Annual Review & Outlook 2014: IMS Worldwide

If the global transportation world focuses on the shipper’s needs first, there will be positive outcomes and profits for all. If that does not happen, 2014 will be a tried but true repeat of 2013. What do shippers want? Price consistency, reliable delivery and every incentive available, while not breaking the bank. This is not only true in the transportation world, but also applies to the real estate world and the economic development world working to woo these companies to locate in their regions. 

In 2014, the alliances and partnerships between the carriers will be positive for shippers. We are predicting that carriers will employ pricing decisions to make IPI moves more attractive versus trans-loading as it affords the carriers more control and therefore more income for a longer part of the supply chain. These alliances will bring more diversity and hopefully more stable pricing for shippers. IPI managed by the carriers provides another positive benefit by positioning their empty containers where the growing level of “match-backs” or export loads are occurring at inland ports, which contribute to carrier revenue.    

The Panama Canal widening, which will not officially kick off until mid-2015, will also help bring more reliable “lift” to the West Coast and East Coast ports by now offsetting the use of the Suez for the larger vessels. There will not be a huge “market share shift” of Asian container traffic to the East Coast, but it will result in a rising tide lifting all ports. Offering dual routes to the same locations should add reliability to the system, which according to Drewry, which slid to a low of below 80 percent in the fourth quarter of 2013.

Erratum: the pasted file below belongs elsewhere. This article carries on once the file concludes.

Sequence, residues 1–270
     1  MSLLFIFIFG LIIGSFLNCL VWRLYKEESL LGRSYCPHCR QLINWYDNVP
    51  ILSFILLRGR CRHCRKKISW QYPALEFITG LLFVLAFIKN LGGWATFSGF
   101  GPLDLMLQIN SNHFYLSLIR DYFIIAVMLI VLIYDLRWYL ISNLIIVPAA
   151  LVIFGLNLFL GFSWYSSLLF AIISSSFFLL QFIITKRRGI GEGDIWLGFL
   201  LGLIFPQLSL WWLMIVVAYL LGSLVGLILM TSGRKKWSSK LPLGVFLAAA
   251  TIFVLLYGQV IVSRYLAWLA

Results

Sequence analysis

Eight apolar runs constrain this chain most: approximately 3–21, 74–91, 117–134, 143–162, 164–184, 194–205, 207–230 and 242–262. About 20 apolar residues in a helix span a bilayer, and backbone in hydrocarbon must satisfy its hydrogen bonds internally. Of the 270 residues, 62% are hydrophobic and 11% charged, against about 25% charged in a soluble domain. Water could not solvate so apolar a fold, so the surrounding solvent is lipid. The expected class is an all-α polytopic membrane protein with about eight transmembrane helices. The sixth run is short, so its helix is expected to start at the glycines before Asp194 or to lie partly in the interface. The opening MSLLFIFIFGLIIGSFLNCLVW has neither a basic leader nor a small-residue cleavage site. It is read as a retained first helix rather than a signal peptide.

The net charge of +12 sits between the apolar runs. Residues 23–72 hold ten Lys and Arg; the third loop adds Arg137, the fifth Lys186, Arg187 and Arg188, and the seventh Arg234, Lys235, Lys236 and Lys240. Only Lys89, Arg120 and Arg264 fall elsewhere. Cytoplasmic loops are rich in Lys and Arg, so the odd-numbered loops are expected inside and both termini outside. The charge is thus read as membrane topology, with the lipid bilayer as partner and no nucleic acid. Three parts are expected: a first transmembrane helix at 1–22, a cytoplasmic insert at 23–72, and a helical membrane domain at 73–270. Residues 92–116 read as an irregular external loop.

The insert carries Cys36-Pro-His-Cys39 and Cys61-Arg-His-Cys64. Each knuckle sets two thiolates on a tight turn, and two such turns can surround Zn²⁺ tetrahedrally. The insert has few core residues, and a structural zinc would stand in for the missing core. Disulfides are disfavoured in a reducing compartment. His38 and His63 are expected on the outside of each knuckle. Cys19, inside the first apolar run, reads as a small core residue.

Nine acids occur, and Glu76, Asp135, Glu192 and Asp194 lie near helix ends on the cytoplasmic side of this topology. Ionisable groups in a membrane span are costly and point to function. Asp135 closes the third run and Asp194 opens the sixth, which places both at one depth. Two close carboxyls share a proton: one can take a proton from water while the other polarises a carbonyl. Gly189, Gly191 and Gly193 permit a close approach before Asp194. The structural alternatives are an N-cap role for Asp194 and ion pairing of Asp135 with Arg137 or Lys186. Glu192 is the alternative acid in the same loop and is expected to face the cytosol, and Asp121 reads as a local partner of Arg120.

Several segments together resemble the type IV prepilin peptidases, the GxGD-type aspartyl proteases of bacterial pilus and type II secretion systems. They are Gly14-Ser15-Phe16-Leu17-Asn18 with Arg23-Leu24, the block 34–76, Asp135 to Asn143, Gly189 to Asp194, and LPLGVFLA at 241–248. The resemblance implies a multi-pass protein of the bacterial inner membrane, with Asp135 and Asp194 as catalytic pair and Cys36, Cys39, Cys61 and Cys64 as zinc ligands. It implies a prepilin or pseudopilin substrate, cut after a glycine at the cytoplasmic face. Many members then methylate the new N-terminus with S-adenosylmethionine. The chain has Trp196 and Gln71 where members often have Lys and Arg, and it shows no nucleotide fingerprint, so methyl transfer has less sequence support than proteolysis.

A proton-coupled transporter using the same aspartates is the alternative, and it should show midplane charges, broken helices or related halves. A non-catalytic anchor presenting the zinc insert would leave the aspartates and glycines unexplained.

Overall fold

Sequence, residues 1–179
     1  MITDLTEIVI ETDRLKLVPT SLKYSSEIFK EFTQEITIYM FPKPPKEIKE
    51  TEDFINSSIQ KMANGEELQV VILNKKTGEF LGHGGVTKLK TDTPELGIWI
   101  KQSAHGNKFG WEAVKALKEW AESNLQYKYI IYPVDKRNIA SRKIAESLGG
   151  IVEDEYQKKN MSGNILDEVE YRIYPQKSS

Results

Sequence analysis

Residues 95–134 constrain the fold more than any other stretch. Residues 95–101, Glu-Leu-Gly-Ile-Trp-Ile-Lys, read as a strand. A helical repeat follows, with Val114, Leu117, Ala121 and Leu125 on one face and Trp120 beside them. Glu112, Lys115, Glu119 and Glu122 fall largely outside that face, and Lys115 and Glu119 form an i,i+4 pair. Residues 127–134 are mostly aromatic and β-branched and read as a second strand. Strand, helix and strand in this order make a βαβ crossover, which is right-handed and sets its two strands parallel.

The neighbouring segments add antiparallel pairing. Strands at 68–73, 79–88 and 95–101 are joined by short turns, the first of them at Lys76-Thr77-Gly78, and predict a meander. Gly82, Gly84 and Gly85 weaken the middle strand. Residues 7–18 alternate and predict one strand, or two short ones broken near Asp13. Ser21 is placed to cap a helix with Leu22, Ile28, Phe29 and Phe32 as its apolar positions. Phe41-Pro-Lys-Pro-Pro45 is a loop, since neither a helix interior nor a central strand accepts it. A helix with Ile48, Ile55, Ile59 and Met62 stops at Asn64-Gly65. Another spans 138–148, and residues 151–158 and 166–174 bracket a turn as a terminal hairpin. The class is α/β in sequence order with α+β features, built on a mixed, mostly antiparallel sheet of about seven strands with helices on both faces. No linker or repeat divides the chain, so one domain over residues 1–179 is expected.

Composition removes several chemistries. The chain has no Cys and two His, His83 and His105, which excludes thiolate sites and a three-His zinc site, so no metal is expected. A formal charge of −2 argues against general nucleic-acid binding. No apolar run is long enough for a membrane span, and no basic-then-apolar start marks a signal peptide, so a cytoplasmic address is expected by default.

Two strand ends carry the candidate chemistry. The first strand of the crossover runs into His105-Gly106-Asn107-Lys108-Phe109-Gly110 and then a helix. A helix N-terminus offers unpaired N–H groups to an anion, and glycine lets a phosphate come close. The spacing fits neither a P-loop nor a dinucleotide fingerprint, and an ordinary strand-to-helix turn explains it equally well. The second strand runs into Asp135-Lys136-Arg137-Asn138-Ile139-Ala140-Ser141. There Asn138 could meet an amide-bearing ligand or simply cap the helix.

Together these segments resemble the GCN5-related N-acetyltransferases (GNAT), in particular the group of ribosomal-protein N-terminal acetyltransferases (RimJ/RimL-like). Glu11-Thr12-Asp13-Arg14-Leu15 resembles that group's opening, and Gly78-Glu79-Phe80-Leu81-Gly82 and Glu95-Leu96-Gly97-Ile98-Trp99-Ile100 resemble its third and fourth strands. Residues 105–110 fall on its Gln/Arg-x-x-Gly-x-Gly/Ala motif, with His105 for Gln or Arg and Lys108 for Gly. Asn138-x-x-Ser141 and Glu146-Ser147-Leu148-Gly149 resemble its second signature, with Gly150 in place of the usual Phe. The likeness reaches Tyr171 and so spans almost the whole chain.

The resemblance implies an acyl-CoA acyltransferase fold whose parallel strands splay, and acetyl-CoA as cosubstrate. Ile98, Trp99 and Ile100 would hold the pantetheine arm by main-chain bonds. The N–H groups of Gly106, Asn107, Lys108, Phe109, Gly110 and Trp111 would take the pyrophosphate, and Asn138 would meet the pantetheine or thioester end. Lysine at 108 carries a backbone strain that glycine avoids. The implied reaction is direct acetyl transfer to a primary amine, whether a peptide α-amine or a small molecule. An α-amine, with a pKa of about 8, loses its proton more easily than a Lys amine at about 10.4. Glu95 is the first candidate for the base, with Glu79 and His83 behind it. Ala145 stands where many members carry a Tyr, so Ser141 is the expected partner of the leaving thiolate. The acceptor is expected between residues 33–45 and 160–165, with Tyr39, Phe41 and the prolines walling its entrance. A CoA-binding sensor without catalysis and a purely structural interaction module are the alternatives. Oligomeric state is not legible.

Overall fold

In 2014, we will also see the use of the free trade zone program rise to new heights, as more JOC Top 100 Importers employ the savings found within the FTZ program at their large distribution centers and e-commerce fulfillment centers. Everyone wants to save money, and this is the best program in the “logistics world” to find cost-cutting dollars in the supply chain. At the end of 2014, when we look at the year in review, we will observe that what was good for the shipper was positive for everyone else in the logistics chain.

Curtis D. Spencer is President of IMS Worldwide.

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